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On Wednesday the last court case of the protestors who campaigned against the motorway driven across the archaeologically rich landscape that surrounds the Hill of Tara will be heard. It is well to remember the long and bitter fight that has gone on to save this sacred landscape, and of course the political machinations that surrounded the whole affair.
Time has shown in the form of a global recession that this undertaking by the Irish government of the construction of this expensive motorway that short term, ill judged decisions, have grave consequences on our historic landscapes.
Tara and its associated landscape has now made it onto the UNESCO List of Tentative Sites, though it has been grouped with six Royal Irish sites.

Press Release from Muireann Ní Bhrolcháin

The remaining court cases of those arrested protesting at Tara will take place on Wednesday, 13th May 2009. They will begin at 10.30am in Trim Court. This will be the second, and the last day for court hearings of these cases.
These arrests began at Soldier’s Hill, Blundelstown, Tara, 19 July 2007 and many others afterwards. As a reminder, this is the Indymedia thread from that time:
http://www.indymedia.ie/article/83495 

It is worth noting that the two minister held responsible for the €60m wasted money on voting machines, Dempsey and Cullen, are also the ministers most closely associated with the planning of the M3 on its present route. The estimated cost is anything between €700m – €1bn and the road will be twice-tolled. Meath has one of the highest numbers of unemployed due to the recession, the road is already a white elephant. What is Blundelstown Interchange for? Any passing commuter can now see how it climbs the slopes of the Hill of Tara and how invasive it is on the landscape never mind the catastrophe at Rath Lugh.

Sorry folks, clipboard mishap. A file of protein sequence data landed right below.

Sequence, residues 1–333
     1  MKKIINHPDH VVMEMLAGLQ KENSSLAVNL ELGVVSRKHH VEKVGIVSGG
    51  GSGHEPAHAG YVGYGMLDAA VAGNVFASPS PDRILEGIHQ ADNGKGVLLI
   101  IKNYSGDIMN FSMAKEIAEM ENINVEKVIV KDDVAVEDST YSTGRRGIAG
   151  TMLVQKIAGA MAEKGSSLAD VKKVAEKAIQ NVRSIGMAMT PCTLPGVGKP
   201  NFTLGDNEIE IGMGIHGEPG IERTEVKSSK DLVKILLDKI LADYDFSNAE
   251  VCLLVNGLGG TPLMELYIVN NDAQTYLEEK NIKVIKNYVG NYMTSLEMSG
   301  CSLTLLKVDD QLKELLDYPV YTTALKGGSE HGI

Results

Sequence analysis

It has emerged over the past two years that the Government/Gardaí had implemented “Operation Bedrock” to deal with protests at Tara.

To British eyes the prospect of a country the size of Ireland persisting with spending  €700m – €1bn on a road that now seems to be unnecessary is particularly distasteful. The British government baulked at spending a similar sum to relieve congestion at Stonehenge – despite the fact the effects of the global economic downturn were not fully apparent at that time and the fact that millions of Olympic visitors were anticipated. If Britain said no at Stonehenge what possible excuse does the Irish government have for persisting at Tara? Precious little we suggest.

 

We have heard it said Arthur is a dole scrounger (but he has never signed on!) and that he doesn’t have a well-thought out legitimate case and that he is naive and ill-informed and well, frankly, dotty.

So we thought we should post this video, Arthus speaks at Stonehenge so that people can judge all those things for themselves. In our view it is hard not to conclude he is very smart, has a very good case and in his own way is one of the sanest men in Britain!

Why then, are Wiltshire County Council about to send in their bailiffs to eject him?

Simply because his caravan is blocking a trackway, no other reason, they say.

Is it? It is shown on the video. Judge for yourself!

Please, Wiltshire County Council, Let him be!

If you agree, please drop them a line at  customerservices@wiltshire.gov.uk

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